A suspension bridge is one type of a bridge in which the deck is hung below suspension cables on vertical suspenders. The first modern examples of this type of bridge were built in the early 19th century. Bridges without vertical suspenders have a long history in many mountainous parts of the world.
This type of bridge has cables suspended between towers, plus vertical suspender cables that carry the deck below, upon which traffic crosses. This arrangement allows the deck to be level or to arc upward for additional clearance. Like other suspension bridge types, this type often is constructed without false work.
The suspension cables must be anchored at each end of the bridge, since any load applied to the bridge is transformed into a tension in these main cables. The main cables continue beyond the pillars to deck-level supports, and further continue to connections with anchors in the ground.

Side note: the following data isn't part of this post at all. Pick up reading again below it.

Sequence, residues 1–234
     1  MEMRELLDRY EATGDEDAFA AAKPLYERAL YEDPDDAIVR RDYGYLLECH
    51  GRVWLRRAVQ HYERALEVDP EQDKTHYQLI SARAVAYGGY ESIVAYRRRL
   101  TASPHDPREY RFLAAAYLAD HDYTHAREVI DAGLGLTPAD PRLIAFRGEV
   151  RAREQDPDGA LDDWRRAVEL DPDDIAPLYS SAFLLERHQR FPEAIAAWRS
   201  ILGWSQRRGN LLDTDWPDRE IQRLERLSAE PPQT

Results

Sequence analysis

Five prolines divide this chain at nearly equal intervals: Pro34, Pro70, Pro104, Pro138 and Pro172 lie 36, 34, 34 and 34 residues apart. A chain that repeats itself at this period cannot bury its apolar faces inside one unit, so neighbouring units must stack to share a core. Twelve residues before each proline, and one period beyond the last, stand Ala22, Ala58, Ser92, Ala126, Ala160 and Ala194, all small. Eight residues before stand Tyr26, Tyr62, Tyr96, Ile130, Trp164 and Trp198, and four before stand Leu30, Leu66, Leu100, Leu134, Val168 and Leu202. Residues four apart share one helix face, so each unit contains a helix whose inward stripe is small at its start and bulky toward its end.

The roadway is supported by vertical suspender cables or rods, called hangers. In some circumstances, the towers may sit on a bluff or canyon edge where the road may proceed directly to the main span, otherwise the bridge will usually have two smaller spans, running between either pair of pillars and the highway, which may be supported by suspender cables or may use a truss bridge to make this connection.
In the latter case there will be very little arc in the outboard main cables.